6 November 2012

RUST AND BONE- Review

Having decided to avoid reading reviews of films before seeing them, I'd have hoped to avoid a plot spoiler about Rust and Bone that several critics have given away. Alas, I knew about Marion Cotillard's character in this latest film from Jacques Audiard, before going in. Perhaps because the plot development happens so early in the film, some feel justified in writing about it, but I'm not going to get into the details here, especially when the concentration on her character overlooks something of the film's essence.

The protagonist is actually Ali, the shiftless father of an estranged 5-year-old son called Sam, who's forced to move in with his sister for support when he's left bringing up the kid on his own. As he searches for work, he goes through a stint as a bouncer at a nightclub, and meets Stephanie, a whale trainer. He looks out for her, in an act that she does not forget when tragedy strikes, shortly after. Their friendship draws her out of isolation, but Ali's lack of responsibility doesn't make for a smooth romance.

While so many were praising Audiard's previous film, A Prophet, I felt alienated by it, despite the obviously impressive technical aspects. I wouldn't go so far as to call it pretentious, but I didn't feel like there was any reason to particularly care about the characters in that film. Without suddenly veering into sentimentality, it remains obvious that Audiard really does give a damn about Stephanie and Ali, even though Ali is a flawed enough protagonist that we still get some serious dramatic mileage out of virtually every single relationship he tries to maintain.

Matthias Schoenaerts approximates a slightly more shlubby, more European Ryan Gosling, to the point where casting in any American language remake would be all too obvious, but in Schoenaerts' performance, there's none of that "Hey, girl..." courtesy that launched a thousand internet memes. Ali isn't an obvious romantic lead by any stretch of the imagination- he doesn't drink or take drugs, but he frequently loses his temper with his son, he's complacent about his sister's kindness in taking the two of them into her home, and he spends a lot of his time fucking around. The love story that unfolds, therefore, is all the more compelling for the fact that his tenderness with Stephanie could turn out to be his redeeming quality.

While Ali is the main character in the story, and Schoenaerts gets the most screen time, Marion Cotillard's Stephanie is the film's heart and soul. It's easy to see why the film might be viewed as her journey, but I've yet to decide whether it's a flaw with the film, or a flaw with my interpretation of its main focus, that she isn't central all the way through. Nevertheless, in a year in which several bigger, more iconic film characters have gone through a process of becoming broken and depressed and then rebuilding, Cotillard gives one of the best performances of 2012, as a woman trying to find her feet again, after a tectonic shock to her system. Her chemistry with Schoenaerts is peculiar, but enthralling, and as unconventional a love story as it is, they feel unnaturally natural together.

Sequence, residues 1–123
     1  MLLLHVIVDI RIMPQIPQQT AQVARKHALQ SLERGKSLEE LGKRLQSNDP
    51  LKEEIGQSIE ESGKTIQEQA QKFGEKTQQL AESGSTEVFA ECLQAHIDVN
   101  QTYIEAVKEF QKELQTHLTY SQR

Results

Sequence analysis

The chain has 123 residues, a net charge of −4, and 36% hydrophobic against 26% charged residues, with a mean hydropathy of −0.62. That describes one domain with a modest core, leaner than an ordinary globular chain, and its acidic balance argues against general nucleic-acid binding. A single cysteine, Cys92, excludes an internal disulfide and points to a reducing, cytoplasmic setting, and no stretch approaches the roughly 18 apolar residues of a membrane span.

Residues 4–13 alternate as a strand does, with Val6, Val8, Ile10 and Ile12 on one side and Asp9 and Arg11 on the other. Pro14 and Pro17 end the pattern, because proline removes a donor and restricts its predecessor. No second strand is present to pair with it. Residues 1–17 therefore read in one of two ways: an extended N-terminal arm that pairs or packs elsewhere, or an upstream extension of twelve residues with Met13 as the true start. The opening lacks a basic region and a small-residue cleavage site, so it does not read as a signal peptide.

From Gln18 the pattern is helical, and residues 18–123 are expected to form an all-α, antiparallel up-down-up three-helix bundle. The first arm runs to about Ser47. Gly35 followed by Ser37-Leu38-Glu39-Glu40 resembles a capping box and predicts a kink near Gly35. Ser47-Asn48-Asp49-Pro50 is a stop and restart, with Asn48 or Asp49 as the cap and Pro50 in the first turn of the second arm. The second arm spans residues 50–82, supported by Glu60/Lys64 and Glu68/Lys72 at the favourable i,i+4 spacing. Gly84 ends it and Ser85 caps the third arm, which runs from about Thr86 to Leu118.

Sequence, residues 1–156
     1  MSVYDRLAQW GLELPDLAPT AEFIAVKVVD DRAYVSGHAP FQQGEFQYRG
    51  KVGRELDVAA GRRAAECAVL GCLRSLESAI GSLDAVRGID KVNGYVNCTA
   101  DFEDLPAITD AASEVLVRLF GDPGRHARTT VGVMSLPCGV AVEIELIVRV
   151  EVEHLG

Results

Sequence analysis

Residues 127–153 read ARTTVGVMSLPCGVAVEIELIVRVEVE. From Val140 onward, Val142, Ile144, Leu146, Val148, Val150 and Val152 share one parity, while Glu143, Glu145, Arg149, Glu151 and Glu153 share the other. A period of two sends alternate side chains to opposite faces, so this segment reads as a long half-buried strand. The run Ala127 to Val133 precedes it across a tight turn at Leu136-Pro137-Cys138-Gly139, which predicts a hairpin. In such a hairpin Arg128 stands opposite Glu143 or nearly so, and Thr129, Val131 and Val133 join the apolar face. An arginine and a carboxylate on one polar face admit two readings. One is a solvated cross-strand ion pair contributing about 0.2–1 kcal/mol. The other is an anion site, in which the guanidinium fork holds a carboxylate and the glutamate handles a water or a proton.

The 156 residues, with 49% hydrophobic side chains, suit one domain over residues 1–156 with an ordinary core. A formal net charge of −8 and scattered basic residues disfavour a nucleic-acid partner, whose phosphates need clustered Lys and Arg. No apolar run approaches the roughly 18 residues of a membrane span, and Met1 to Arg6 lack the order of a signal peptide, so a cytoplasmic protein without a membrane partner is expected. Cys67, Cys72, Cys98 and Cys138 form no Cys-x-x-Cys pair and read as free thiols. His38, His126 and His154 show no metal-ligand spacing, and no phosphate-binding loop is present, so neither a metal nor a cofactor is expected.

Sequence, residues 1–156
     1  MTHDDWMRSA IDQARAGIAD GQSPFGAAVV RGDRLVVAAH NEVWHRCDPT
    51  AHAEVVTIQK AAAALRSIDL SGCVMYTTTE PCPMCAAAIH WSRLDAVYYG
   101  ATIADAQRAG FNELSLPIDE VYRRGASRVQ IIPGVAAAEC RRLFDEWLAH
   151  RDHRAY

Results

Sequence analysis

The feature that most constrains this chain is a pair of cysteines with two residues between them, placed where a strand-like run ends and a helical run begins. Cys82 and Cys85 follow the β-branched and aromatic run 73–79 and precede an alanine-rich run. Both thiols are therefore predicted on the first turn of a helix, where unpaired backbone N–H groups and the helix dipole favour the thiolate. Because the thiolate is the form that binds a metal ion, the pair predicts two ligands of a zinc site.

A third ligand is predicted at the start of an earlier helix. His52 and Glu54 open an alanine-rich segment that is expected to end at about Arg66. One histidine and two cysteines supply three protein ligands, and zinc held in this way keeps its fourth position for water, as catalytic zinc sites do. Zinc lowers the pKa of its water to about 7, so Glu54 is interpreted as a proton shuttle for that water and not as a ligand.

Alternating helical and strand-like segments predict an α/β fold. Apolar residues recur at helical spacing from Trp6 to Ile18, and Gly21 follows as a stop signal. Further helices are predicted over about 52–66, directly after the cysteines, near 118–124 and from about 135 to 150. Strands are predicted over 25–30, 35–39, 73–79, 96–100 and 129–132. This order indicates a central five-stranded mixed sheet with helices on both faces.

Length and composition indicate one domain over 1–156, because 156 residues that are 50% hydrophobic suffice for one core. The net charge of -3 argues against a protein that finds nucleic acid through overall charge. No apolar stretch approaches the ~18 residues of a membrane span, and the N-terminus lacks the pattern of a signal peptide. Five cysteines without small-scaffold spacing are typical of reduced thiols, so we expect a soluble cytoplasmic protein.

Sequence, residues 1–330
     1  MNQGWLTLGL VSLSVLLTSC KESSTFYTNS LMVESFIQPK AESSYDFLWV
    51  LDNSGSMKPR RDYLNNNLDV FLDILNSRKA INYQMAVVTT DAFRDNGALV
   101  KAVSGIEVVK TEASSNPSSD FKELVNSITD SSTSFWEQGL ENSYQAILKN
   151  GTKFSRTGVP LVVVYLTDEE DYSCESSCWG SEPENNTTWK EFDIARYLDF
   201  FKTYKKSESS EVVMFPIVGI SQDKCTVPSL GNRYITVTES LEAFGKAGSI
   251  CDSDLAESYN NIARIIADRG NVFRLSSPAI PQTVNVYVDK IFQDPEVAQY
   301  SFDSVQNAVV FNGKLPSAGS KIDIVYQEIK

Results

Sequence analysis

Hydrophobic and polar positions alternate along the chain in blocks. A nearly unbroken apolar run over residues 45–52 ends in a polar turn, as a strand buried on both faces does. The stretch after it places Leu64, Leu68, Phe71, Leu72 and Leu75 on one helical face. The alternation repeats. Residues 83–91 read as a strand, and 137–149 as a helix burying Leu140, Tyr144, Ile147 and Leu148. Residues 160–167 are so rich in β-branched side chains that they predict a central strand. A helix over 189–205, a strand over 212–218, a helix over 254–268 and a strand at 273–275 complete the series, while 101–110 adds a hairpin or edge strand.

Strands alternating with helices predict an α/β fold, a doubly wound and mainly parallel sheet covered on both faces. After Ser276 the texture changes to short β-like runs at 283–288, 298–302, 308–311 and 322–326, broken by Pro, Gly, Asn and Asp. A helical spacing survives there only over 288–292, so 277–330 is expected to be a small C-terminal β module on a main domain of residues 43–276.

As with my possible confusion over the focus, it's a film of contrasts, and there's much of the violence that typifies Audiard's previous films in here too. Ali's foray into street fighting forms a large part of the film, and a turning point in Stephanie's attraction to him, and the violence that ensues is gracefully staged and artfully shot. Elsewhere, this is surely the only bit of world cinema that includes Katy Perry and the B-52s on its soundtrack, in moments that never seem overwrought or cheesy. Unfortunately, some will also contrast the first half of the film, which is balanced and transfixing, with the second half, which meanders off into sub-plots, and gives Stephanie a slightly implausible role in Ali's vocation, apparently as a means to keep her in the picture.

Perhaps the biggest contrast about Rust and Bone is that something so melodramatic, with its story and its narrative conventions, should seem so subtle and restrained in its execution. In no small part, it's due to Marion Cotillard's superb performance, so sympathetic and uplifting, and the dynamic she builds with an equally fascinating Matthias Schoenaerts. Overseeing the whole endeavour, Audiard creates moments of ecstatic beauty that might have been cringeworthy elsewhere, and even if the film doesn't keep its composure all of the time, it's never less than engrossing.

Rust and Bone is now showing in selected cinemas nationwide.
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If you've seen Rust and Bone, why not share your comments below? You're also welcome to have a go at me for that awful, potentially spoiler-y pun...


I'm Mark the mad prophet, and until next time, don't watch anything I wouldn't watch.

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